Cook County’s employee vaccination mandate has ripped open a new front in the internal war at the county’s Board of Review, heightening the chaos at the agency as it stands at the cusp of a crushing wave of appeals work.
During a special public meeting of the three-member Board of Review held Monday at the request of Comm. Tammy Wendt (D-1), Wendt decried as “unconstitutional” a countywide requirement for employees to report their vaccinations statuses. The freshman commissioner’s resistance spurred accusations from her colleagues and rivals Comm. Michael Cabonargi (D-2) and Comm. Larry Rogers (D-3) that she was throwing a wrench into the board’s potential return to in-person work as its work accelerates in the coming months.
County Board President Toni Preckwinkle in August gave workers under her authority until Oct. 15 to either be fully vaccinated against COVID-19 or request a “reasonable accommodation” and submit to twice-weekly testing. She encouraged separately elected county offices, including the Board of Review, to follow suit. It did so in early December, codifying its own mandate coupled with a survey asking employees to report their vaccination status by Dec. 15. The policy was approved in a 2-1 vote, over Wendt’s objection.
Board of Review Chief Deputy Commissioner William O’Shields reported in a presentation Monday that all employees of the agency had reported their statuses — with the exception of Wendt’s staff, of whom just 55 percent had answered.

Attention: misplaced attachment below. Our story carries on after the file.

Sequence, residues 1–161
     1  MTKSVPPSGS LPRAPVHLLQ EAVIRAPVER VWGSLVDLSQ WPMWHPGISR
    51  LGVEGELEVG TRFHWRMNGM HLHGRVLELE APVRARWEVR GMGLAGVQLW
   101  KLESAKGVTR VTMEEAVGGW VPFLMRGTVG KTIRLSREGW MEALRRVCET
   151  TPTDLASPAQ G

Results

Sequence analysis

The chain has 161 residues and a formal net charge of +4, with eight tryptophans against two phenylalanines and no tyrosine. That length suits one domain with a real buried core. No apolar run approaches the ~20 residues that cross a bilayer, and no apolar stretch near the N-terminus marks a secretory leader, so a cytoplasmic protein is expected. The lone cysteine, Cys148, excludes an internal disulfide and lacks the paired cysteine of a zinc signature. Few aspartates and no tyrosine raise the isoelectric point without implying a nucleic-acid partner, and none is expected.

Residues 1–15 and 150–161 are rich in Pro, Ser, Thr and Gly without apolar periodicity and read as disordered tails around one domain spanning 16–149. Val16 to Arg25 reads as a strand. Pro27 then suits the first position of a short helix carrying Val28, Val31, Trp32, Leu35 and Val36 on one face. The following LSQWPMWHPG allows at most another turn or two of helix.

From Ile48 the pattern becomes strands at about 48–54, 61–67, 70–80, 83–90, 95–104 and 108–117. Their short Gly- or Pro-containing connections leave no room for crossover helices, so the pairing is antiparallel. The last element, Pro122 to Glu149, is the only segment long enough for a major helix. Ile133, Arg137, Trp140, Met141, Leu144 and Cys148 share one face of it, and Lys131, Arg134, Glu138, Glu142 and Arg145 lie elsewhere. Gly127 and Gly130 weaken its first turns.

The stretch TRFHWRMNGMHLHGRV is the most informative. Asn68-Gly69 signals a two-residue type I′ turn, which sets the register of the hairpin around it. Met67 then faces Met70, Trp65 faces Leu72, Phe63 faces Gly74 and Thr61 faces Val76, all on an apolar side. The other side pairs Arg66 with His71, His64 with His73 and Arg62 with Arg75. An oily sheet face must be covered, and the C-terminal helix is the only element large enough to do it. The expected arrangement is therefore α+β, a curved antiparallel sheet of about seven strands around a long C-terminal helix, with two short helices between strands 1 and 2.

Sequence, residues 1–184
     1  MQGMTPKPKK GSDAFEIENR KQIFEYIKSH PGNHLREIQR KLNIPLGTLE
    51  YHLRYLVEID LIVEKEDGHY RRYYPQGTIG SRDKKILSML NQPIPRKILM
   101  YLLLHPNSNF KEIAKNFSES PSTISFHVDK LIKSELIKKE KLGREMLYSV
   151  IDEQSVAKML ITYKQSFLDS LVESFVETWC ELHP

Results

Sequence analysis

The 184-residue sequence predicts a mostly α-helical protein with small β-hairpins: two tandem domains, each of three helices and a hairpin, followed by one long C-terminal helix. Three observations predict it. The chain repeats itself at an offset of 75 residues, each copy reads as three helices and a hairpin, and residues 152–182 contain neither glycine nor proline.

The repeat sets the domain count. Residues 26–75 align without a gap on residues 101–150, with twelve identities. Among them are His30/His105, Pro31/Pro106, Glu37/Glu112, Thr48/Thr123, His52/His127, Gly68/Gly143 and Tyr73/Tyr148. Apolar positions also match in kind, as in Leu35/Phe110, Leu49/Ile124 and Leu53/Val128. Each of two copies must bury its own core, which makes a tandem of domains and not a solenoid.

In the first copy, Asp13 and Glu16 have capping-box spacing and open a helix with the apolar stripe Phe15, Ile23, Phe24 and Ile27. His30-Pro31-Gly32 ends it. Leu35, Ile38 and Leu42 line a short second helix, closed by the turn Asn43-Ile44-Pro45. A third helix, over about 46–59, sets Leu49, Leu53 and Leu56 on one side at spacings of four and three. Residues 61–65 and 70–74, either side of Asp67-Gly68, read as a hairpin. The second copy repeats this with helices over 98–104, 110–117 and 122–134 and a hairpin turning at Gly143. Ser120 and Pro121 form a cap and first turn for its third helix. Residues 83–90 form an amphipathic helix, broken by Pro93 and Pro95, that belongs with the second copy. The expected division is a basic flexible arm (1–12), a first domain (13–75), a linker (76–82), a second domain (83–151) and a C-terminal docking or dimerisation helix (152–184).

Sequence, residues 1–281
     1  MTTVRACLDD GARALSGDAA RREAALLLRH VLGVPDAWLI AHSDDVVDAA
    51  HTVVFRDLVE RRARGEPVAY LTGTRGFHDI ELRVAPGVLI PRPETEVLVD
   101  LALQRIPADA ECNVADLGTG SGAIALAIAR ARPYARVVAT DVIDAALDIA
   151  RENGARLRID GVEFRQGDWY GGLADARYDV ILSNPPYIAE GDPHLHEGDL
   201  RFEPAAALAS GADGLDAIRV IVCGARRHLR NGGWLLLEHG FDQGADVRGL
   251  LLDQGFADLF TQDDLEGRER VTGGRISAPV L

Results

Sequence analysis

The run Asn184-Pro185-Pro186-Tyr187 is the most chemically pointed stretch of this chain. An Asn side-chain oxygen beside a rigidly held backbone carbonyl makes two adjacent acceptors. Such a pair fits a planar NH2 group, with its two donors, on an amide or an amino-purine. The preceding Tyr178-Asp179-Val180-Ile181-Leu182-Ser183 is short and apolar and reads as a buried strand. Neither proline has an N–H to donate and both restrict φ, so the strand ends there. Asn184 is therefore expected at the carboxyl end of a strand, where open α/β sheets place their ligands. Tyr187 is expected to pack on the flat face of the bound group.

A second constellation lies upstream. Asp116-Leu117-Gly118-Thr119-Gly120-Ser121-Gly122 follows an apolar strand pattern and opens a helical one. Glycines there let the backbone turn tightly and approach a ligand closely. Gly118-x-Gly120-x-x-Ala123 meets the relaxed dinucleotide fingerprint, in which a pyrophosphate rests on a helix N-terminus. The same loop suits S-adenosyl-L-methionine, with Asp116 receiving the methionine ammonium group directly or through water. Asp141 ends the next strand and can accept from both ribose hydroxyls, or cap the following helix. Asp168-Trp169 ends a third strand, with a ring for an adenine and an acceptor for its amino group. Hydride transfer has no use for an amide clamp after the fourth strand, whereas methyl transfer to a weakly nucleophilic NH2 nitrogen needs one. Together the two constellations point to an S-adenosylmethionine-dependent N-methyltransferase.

Pressed by her colleagues on the low response rate of her team, Wendt said she would not direct anyone to follow the county vaccination rules until after the U.S. Supreme Court issues a ruling in a pending case on employee vaccination requirements.
“No policy can be passed in good conscience if I think it’s unconstitutional,” Wendt said. “I’m not going to tell my staff, ‘You need to disclose your private information to me or you’re going to be fired.’"
The 6th Circuit Court of Appeals issued a ruling last month upholding a federal vaccination mandate for large businesses around the country. But the question is due for a showdown in the Supreme Court, with oral arguments set to begin on Friday.
Wendt said she was “concerned about [medical privacy laws] and the dissemination of vaccine status through regular email to unauthorized individuals…all our senior staff has access to this private information, and I think that’s a problem.” She also downplayed the effectiveness of vaccines, saying it’s “common knowledge” that vaccinated people can contract COVID-19.
Chicago Department of Public Health Comm. Allison Arwady said during an unrelated news conference on Tuesday that approximately 90 percent of COVID patients currently in Chicago’s hospitals are unvaccinated.